Live Review
Thomas Truax
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Photography by Andy Cook

Shuffling on stage in his socks, Juffage’s – Jeff T. Smith to his mum – tramp like figure combines the tortured ramblings of ‘Requiescats’ with scattered drums to soon disperse the yuppies braying in the bar next door. Crawling around amid a tangled mass of wires he leaps from one instrument to the next with the dexterity of a one man Mogwai. The chaotic beats of ‘My Weakness’ spray out like brightly coloured globules of paint coating everyone in sound. Running between the crowd carrying a recording of the frantic screams of ‘Tapes’ he hints at some demons concealed within. What is clear is that his experimental doominess seems destined for brighter things. Eccentric troubadour Thomas Truax then carries with him the feel of a travelling fair. Tall, lithe and beetle browed, he is Nick Caves sunnier doppelganger, lining up his array of weird and wonderful musical contraptions for the bemused and enchanted crowd. The dizzying psychedelic hum of ‘Prove To My Daughter’ carries an almost hypnotic quality, while his interpretation of ‘Audrey’s Dance’ from Twin Peaks has a groovy hepcat edge. Before things get too ‘far out man’ he introduces the creations from his magical junkshop; the Dickensian drum machine in ‘Mother Superior’ and the macabre slinky meets didgeridoo, used to chilling effect in ‘In Heaven (The Lady in the Radiator Song)’ from Eraserhead. As well as breathing new life into David Lynch soundtracks he adds crazy little ditties of his own. ‘Moon Over Wowtown’ sees him stalking through the crowd, running out into the street and popping out through windows like a character from Labyrinth. Even his take on blue master Screamin’ Jay Hawkins’ ‘I Put A Spell On You’ is still tongue firmly in cheek as he whirls round to reveal the Spider-like ‘Back-Beater’ in place of a drum machine. Singer, inventor and all round entertainer, Thomas Truax is one of a kind. This is one bandwagon worth jumping on.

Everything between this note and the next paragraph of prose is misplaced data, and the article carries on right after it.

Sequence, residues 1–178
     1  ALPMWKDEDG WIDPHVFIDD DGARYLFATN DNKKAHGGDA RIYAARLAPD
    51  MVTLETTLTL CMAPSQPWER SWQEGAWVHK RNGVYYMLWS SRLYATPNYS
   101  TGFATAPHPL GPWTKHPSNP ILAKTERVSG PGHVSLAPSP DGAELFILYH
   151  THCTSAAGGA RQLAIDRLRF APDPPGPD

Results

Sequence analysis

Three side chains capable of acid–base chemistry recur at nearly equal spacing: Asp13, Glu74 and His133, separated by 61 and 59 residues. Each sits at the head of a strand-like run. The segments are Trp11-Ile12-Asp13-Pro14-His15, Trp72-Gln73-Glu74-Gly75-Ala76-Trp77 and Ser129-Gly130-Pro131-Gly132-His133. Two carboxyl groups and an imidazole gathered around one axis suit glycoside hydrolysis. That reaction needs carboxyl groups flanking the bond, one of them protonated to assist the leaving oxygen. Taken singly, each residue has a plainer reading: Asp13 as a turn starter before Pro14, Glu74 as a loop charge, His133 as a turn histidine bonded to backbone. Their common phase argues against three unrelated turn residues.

By Kate Parkin


Originally published in issue 15 (vol 3) of Loud And Quiet. March 2010